Background Laparoscopic adjustable gastric banding (LAGB) is an option for the treatment of severe obesity. Few US studies have reported long-term outcomes. We aimed to present long-term outcomes with LAGB. Methods Retrospective study of patients who underwent LAGB at an academic medical center in the US from 1/2005 to 2/2012. Outcomes included weight loss, complications, re-operations, and LAGB failure. Results 208 patients underwent LAGB. Mean BMI was 45.4 ± 6.4 kg/m2. Mean follow-up was 5.6 (0.5–10.7) years. Complete follow-up was available for 90% at one year (186/207), 80% at five years (136/171), and 71% at ten years (10/14). Percentage of excess weight loss at one, five, and ten years was 29.9, 30, and 16.9, respectively. Forty-eight patients (23.1%) required a reoperation. LAGB failure occurred in 118 (57%) and higher baseline BMI was the only independently associated factor (OR 1.1; 95%CI 1.0–1.1; p = 0.016). Conclusion LAGB was associated with poor short and long-term weight loss outcomes and a high failure rate. With the increased safety profile and greater efficacy of other surgical techniques, LAGB utilization should be discouraged.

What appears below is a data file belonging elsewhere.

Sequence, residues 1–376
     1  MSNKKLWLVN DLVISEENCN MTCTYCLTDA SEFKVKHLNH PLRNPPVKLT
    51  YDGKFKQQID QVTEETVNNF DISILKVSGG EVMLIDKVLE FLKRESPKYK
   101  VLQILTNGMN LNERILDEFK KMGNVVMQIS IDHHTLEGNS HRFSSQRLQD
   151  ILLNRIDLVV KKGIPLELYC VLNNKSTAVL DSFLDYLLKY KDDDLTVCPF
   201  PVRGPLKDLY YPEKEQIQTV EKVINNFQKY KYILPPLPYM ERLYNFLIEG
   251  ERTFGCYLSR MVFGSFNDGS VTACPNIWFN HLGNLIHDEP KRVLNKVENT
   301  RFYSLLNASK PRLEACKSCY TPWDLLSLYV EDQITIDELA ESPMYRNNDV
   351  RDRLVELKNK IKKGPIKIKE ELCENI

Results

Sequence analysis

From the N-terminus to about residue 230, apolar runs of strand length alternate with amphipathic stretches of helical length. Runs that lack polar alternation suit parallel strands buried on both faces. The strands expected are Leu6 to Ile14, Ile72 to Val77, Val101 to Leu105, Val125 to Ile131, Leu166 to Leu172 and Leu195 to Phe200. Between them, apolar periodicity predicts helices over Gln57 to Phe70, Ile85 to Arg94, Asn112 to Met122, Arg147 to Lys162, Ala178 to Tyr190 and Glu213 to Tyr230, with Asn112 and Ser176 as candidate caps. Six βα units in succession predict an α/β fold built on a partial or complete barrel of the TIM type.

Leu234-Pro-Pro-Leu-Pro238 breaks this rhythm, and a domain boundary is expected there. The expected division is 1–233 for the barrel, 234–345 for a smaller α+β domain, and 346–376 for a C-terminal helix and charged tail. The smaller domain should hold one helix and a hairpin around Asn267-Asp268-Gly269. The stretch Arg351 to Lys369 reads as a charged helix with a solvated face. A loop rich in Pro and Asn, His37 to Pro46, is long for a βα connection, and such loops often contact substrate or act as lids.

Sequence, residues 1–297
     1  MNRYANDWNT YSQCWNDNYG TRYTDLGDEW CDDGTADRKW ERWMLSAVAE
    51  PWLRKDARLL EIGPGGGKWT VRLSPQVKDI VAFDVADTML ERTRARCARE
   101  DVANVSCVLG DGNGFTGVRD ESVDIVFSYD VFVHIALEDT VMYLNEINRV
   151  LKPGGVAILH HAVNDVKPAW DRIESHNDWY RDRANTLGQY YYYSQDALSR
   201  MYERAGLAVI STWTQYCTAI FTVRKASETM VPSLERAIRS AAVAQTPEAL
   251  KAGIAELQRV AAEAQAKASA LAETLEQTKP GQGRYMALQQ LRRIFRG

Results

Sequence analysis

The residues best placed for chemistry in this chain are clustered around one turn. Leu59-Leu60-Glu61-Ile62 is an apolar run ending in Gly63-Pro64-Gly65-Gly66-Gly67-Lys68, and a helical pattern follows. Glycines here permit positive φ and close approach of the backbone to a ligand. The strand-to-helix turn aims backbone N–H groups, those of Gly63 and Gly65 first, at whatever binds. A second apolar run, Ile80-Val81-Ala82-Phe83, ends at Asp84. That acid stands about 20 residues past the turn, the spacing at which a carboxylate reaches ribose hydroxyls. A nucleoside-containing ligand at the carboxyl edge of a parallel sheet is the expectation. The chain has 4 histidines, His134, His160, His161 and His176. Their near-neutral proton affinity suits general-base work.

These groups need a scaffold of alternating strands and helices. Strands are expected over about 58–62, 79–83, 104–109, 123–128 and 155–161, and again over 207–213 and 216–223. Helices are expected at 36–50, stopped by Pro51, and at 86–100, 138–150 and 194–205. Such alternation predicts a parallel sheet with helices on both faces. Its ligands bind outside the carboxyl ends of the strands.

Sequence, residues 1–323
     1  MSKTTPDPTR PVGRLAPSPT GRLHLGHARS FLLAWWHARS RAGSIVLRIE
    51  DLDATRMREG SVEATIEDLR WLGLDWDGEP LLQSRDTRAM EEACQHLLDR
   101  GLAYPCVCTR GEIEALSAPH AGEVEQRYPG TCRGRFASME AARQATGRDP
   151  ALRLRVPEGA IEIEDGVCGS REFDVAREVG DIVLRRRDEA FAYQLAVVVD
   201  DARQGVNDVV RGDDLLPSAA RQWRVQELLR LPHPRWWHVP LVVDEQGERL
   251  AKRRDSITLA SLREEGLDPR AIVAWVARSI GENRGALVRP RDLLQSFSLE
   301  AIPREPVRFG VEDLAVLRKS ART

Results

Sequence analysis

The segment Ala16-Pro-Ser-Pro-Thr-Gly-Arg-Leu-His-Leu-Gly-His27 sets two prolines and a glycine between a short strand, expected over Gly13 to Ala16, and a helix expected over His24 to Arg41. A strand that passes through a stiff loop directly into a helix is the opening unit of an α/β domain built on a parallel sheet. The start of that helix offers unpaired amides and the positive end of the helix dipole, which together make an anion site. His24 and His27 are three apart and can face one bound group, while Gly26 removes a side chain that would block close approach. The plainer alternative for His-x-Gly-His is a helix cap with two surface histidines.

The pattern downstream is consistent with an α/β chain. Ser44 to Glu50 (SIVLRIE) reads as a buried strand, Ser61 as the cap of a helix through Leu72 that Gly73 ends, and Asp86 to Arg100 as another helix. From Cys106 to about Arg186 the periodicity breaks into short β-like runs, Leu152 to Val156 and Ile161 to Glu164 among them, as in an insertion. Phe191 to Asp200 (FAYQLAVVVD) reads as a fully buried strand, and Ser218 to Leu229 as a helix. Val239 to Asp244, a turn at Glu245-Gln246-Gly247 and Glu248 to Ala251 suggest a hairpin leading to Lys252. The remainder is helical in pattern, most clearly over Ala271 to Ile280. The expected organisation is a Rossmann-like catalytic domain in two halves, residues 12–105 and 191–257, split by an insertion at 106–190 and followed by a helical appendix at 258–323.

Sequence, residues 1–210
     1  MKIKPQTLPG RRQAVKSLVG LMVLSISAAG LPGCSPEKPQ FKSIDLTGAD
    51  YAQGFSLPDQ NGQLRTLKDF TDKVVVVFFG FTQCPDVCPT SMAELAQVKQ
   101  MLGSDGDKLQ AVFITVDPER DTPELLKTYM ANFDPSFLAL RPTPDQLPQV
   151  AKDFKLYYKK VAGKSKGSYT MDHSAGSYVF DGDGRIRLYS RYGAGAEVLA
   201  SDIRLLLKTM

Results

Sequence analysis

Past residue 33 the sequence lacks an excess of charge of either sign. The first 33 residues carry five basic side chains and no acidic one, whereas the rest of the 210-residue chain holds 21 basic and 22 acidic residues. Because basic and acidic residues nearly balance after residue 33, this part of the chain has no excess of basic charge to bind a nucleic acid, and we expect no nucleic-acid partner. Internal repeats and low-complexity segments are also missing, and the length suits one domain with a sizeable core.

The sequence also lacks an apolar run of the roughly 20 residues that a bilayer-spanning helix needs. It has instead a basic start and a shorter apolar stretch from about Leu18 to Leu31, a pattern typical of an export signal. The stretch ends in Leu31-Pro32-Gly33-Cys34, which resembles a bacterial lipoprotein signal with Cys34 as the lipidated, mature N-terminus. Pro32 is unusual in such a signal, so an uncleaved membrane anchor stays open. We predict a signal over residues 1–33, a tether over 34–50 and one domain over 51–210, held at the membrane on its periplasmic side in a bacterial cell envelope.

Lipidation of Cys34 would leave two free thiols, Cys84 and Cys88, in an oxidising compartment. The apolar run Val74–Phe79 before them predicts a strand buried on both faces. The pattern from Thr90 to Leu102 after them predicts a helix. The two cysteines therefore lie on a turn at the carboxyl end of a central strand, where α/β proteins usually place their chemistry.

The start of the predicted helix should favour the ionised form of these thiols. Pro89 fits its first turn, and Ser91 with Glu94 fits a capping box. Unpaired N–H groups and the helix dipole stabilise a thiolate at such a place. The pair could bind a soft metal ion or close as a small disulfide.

- Bariatric surgery
- Laparoscopic adjustable gastric banding
- Weight loss
ASJC Scopus subject areas